Immersed in a world dominated by Judaic tradition and Jews, I have spent half of my life studying and revering the seminal contribution to the arts they have made. Our family celebrates most of the Jewish holidays and spent a sabbatical year living in Jerusalem, where we all studied Hebrew. Sheldon Harnick, the lyricist of Fiddler on the Roof, and a very special family friend, teases me that I am more Jewish than he is. I do have a deep love for the Jews and it informs my personal beliefs in the restored gospel of Jesus Christ. The Book of Mormon was clearly written by ancient Jews and anyone with a deep understanding of Judaism and the Hebrew language would recognize it immediately.

I studied at the Great Synagogue of Jerusalem and from Ezri Uval, at Hebrew University, the pre-eminent expert on the ancient tradition of chanting the holy scriptures. During a lecture presentation at the University of New Mexico in Albuquerque, professor Uval was chanting (chasanot) the book of Genesis. He was approached by a group of Navajo students there who asked from whence the melody came. He explained that the tradition went back to Moses, but had been codified by some rabbis in Tiberius, Israel, in the eighth century. The reason they asked was because the tunes were the same as those their forefathers used to chant the story of the creation. He asked me how I thought it was possible that a people removed from ancient Israel could have maintained the same melodies for centuries. He asked if I thought the American Indians (as he put it) could possibly be a remnant of the house of Israel and, if so, how did the tunes get to the American continent. I told him that I could not explain that to him in Israel as I had promised his government that I would not proselyte while living there. Instead, I brought him to Utah to speak to the students at Utah State University and presented him with a copy of the Book of Mormon which he read immediately. It was proof positive to him that the ancient scriptures (Plates of Laban) had brought the melodies with them across the seas by members of the house of Israel.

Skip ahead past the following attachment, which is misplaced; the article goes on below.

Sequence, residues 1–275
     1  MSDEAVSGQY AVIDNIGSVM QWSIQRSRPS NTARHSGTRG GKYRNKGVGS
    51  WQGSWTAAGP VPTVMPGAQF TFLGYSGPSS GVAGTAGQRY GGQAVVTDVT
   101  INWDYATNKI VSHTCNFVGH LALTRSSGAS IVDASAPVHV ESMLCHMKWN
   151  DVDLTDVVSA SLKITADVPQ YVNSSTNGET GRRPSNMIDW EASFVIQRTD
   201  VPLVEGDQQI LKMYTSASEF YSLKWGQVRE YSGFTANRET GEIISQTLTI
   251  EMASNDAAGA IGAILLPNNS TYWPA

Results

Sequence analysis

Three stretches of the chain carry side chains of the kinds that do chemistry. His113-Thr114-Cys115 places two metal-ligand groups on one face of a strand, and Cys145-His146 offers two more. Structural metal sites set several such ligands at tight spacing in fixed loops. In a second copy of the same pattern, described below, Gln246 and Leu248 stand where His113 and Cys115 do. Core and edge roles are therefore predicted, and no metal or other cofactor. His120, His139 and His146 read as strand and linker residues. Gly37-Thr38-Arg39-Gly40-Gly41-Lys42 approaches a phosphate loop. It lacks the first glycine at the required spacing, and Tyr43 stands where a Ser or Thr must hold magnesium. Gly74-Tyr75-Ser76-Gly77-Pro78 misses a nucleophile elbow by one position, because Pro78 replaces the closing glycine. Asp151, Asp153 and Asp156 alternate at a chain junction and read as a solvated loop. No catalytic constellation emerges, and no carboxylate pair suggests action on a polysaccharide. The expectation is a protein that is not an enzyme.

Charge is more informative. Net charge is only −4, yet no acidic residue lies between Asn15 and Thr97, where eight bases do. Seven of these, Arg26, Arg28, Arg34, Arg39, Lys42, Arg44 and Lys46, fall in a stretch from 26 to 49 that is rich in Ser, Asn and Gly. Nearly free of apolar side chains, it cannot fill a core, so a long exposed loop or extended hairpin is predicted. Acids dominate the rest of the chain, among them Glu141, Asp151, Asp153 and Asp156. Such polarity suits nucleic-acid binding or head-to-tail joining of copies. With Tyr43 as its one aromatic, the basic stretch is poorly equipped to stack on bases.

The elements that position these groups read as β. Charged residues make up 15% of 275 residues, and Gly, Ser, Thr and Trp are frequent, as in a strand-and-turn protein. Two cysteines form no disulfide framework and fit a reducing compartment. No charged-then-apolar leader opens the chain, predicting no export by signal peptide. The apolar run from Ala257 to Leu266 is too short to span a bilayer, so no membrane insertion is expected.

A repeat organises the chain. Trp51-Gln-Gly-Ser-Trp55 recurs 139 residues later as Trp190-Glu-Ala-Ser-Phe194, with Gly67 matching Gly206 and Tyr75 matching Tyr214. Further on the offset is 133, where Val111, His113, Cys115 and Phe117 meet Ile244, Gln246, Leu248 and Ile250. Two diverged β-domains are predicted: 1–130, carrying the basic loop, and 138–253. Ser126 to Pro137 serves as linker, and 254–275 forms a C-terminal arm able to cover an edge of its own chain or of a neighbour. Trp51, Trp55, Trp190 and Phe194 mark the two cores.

The more I read the Book of Mormon the more certain I am that no unschooled youth from Palmyra, New York, could ever have concocted such a story. Neither could anyone without firsthand knowledge of the ancient Israeli/Hebrew experience.

Photo courtesy Michael Ballam

What have been some of your most magical moments with Utah Festival Opera and Musical Theatre and how do they compare with your time in New York?

I have had extraordinary experiences performing on the stages of Carnegie Hall, The Metropolitan Opera, and Towne Hall, to name a few of the New York venues. None of them compare to the thrill of standing in the wings watching children bring the music of Puccini, Verdi, Mussorgsky, and Wagner to life in their original languages on the stage upon which I made my operatic debut at the age of five. Launching the careers of young artists from around the world and bringing premiere artists from the Met to La Scala to my home town thrills me to the core. I hope to be able continue to do so for the rest of my life.

What is your short list of must-listen songs for those who want to know more about both the classics and songs that might not be classics but are uplifting?

If I were exiled to a desert island with only ten songs to get me through the rest of my life, it would be the following:

  1. “I Am a Child of God” — Mildred Pettit and Naomi Randall
  2. “Remember Me” — Deanna Edwards
  3. “An die Musik” (“Praise to Music”) — Franz Schubert and Franz von Schober
  4. “Without a Song” — Vincent Youmans, Billy Rose, and Edward Eliscu
  5. “The Spirit of God”
  6. “The Sound of Music” — Richard Rodgers and Oscar Hammerstein
  7. “Annie Laurie”
  8. “O Danny Boy”
  9. “O mio babbino caro” — Puccini
  10. “With a Song in My Heart” — Rodgers and Hart